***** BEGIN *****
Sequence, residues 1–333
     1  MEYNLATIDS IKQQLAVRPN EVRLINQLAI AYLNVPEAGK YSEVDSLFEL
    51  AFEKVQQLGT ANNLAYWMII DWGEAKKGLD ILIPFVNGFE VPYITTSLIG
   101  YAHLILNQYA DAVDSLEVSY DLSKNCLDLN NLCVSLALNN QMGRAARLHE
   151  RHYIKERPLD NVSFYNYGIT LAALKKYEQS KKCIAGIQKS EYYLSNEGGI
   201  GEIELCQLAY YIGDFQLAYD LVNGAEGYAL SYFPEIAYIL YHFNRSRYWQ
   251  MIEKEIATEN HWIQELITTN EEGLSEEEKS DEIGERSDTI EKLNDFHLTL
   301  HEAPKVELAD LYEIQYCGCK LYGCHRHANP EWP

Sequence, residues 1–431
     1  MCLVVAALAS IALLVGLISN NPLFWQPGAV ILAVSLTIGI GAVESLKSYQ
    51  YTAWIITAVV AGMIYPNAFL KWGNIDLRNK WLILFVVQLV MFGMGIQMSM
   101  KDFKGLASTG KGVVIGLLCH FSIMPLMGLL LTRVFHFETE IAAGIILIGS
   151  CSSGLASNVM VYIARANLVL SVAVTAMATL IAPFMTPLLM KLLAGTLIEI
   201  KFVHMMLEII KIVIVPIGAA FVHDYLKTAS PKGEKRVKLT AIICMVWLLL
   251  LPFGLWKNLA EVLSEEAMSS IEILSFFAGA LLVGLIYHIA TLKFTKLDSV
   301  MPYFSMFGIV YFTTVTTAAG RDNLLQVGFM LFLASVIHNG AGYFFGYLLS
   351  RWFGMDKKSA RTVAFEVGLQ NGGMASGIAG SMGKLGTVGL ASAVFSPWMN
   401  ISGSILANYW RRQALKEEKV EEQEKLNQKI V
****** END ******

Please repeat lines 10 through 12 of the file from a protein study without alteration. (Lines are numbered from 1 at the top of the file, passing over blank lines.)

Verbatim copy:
     1  MCLVVAALAS IALLVGLISN NPLFWQPGAV ILAVSLTIGI GAVESLKSYQ
    51  YTAWIITAVV AGMIYPNAFL KWGNIDLRNK WLILFVVQLV MFGMGIQMSM
   101  KDFKGLASTG KGVVIGLLCH FSIMPLMGLL LTRVFHFETE IAAGIILIGS